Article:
In Praise of a Minor Web Feat

[February 20, 2010] 

[Though Aflac’s site design has changed, the thinking behind it, reflected here, is much the same]

Is there anything more boring than insurance—that is, unless you’re an AIG field rep? Last year’s horror show aside, as a topic it’s one of the more potent sleep aids known to man—with the snores starting long before you get to the fine print.

My confidence in this as a consensus point enables me to make a leap of faith and suggest that this is the reason Geico and Aflac use anthropomorphic animals as celebrity spokes creatures. The one, a talking lizard, doles out common sense in the affable tone of an emotionally centered, rational adult. The other, a talking duck, is a bit less wordy but still more articulate than many a former US president.

Like an eight ounce glass of water in a desert, they make the unbearable bearable, if only for a moment. As such, they cross over from mere advertising to become a branded experience. In digital space, Aflac has found an especially engaging way to continue that experience and, in the process, exploited the medium’s potential as few comparable sites do.

It’s not about the duck, although that avian presence, discreetly animated, does help set the tone. Rather, the site succeeds because of the effective way it stages its messaging. Here, interactive flash development, combined with a beautifully backlit color palette, create an environment that grows directly out of the basic building blocks of digital technology.

The total effect is something no other medium can achieve, giving users a new way to read. While conveying all the information needed to make the sale, it does so outside of traditional text-slab-and-jpeg tabling.

The site is equally remarkable for borrowing bits and pieces from gaming design without losing focus. Nowhere, even in the serious fun of the interactive quiz, does the user experience stray from its one and only purpose: enticing you to sign up. And while we’re on the subject of enticement, one of the most successful aspects of the site is its sense of humor.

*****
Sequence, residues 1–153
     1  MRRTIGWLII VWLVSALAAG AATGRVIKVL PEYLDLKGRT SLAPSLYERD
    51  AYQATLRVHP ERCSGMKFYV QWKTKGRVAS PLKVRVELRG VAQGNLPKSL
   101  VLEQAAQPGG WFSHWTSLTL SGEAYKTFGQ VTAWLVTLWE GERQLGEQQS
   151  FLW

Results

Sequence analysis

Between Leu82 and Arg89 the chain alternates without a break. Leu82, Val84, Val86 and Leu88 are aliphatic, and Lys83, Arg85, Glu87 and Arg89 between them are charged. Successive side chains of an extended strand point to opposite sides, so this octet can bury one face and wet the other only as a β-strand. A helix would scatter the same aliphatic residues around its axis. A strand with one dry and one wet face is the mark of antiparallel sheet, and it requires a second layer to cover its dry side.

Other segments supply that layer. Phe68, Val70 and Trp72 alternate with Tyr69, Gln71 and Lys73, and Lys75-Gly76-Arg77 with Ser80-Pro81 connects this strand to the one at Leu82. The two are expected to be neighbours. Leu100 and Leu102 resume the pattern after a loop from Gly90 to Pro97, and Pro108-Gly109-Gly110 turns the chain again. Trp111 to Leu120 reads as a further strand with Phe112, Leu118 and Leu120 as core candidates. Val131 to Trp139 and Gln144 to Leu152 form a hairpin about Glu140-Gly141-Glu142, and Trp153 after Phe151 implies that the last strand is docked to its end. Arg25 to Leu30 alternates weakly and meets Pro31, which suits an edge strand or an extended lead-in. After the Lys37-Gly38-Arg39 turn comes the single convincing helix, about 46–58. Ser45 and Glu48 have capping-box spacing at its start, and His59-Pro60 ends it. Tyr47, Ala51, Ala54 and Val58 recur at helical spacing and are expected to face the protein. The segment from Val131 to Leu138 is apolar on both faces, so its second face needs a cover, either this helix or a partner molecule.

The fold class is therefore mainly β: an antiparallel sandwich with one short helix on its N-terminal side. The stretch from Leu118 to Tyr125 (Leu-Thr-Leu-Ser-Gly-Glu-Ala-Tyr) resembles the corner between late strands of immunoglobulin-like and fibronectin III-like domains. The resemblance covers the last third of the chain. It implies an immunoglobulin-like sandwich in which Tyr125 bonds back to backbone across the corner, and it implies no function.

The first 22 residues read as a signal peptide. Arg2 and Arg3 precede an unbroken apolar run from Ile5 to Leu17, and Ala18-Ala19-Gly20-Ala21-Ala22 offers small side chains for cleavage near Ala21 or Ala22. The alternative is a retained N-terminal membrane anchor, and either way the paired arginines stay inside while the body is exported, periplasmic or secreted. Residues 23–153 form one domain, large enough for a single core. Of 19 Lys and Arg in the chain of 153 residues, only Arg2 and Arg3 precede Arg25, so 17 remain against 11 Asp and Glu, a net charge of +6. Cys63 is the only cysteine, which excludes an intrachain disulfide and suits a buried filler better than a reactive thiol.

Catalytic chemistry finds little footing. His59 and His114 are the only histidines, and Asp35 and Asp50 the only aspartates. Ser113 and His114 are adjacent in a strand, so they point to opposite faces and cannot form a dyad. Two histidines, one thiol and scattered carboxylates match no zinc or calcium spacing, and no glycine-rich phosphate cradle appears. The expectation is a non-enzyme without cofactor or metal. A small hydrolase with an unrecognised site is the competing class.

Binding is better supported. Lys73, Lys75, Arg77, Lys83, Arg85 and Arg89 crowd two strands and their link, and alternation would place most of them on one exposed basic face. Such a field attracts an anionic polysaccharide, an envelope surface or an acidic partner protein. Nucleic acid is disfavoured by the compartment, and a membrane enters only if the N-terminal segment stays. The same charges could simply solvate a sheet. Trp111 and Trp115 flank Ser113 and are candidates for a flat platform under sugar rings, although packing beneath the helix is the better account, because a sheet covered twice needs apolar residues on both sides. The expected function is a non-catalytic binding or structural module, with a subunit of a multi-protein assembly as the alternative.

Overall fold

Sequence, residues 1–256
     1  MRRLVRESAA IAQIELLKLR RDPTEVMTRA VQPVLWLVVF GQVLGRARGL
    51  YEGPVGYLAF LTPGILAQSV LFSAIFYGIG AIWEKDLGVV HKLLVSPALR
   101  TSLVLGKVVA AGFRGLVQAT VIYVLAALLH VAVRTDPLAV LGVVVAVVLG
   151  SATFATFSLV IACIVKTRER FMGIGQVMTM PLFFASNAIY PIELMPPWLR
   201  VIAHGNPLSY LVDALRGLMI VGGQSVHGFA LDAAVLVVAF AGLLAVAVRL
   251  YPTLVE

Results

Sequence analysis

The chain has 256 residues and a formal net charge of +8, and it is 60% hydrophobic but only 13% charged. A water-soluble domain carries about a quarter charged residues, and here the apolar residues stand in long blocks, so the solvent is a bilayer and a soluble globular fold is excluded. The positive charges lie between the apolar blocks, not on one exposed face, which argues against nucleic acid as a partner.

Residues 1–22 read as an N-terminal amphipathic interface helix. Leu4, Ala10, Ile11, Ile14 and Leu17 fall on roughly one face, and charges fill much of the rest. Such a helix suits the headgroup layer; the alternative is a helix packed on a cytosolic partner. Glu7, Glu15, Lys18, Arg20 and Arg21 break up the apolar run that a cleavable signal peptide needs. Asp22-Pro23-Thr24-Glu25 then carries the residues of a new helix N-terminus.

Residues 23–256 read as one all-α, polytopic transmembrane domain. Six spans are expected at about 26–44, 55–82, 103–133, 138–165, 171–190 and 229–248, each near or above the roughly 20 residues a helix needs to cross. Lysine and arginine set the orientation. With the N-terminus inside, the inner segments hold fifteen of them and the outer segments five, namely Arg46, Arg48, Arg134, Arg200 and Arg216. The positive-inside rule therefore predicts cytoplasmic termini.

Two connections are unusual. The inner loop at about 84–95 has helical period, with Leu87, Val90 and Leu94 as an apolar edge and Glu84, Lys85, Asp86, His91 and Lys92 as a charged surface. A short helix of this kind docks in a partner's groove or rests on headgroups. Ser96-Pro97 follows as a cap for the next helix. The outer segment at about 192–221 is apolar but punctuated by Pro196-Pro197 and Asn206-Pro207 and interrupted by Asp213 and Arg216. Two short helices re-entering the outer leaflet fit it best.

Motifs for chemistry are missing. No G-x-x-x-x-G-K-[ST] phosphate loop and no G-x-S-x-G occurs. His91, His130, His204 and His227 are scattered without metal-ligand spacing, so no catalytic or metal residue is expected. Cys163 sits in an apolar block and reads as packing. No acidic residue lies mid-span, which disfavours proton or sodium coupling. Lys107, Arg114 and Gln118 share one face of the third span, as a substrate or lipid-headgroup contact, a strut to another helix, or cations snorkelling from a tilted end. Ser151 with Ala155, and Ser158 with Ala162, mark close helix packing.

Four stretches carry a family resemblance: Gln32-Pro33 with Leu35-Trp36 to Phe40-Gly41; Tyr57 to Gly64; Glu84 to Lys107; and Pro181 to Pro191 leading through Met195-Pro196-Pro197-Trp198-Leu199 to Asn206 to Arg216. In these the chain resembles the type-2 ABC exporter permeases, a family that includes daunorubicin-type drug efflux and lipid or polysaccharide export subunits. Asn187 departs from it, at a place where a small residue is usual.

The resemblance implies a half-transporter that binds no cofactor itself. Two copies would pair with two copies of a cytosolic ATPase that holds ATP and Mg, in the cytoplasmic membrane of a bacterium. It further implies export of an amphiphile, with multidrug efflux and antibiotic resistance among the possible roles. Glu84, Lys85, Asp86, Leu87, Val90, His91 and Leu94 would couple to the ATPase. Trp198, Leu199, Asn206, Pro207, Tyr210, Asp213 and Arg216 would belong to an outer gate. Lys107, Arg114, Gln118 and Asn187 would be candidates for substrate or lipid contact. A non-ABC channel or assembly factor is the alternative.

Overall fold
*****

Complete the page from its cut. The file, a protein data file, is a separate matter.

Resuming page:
By that I mean it succeeds precisely because its humor is neither a bad imitation of faded standup comedy stars nor the smudgey xerox of underground social commentary found in South Park or The Family Guy. Instead, the site’s humor expresses itself through a quiet understanding of the struggles of everyday life. Like Daffy Aflac, we’re all straining to be heard over the din of mundanity that surrounds us.

But the site mines this vein more deeply and, in fact, this view of life emerges as the brand’s “deep structure.” What we all need, Aflac wants us to know, is something to fall back on when life—as it will—goes all screwy. Enough of denial, it seems to say, enough of the cowboys and hardboiled dames of the last century. When there’s trouble, it’s OK to quack about it and, more importantly, to prepare.

In fact, the site’s messaging strategy has been thought through—and felt— so thoroughly that even on the grittiest of drilldown pages, the spirit of the home page prevails.

A significant part of site’s success, as I see it, lies in the staging and pacing of the text. In a marvelous confluence of proportion, color and weighting, the eye always knows where to look. Besides, even the scariest percentage points look good enough to eat. One emerges from the experience with the feeling that, arcane as the backend number crunching might be, the product is accessible, practical, “doable.”

Now, I’m in no position to evaluate Aflac’s brand promise. What I know about actuarial tables would fit inside a gnat’s whisker with room to spare. But I do know this modest site opens a window onto what the digital experience could become—once more brands transcend the tattered legacy of print, TV and telemarketing and have the courage to strike out into fresh territory.


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Mark Laporta

Writer, Creative Consultant
New York, NY




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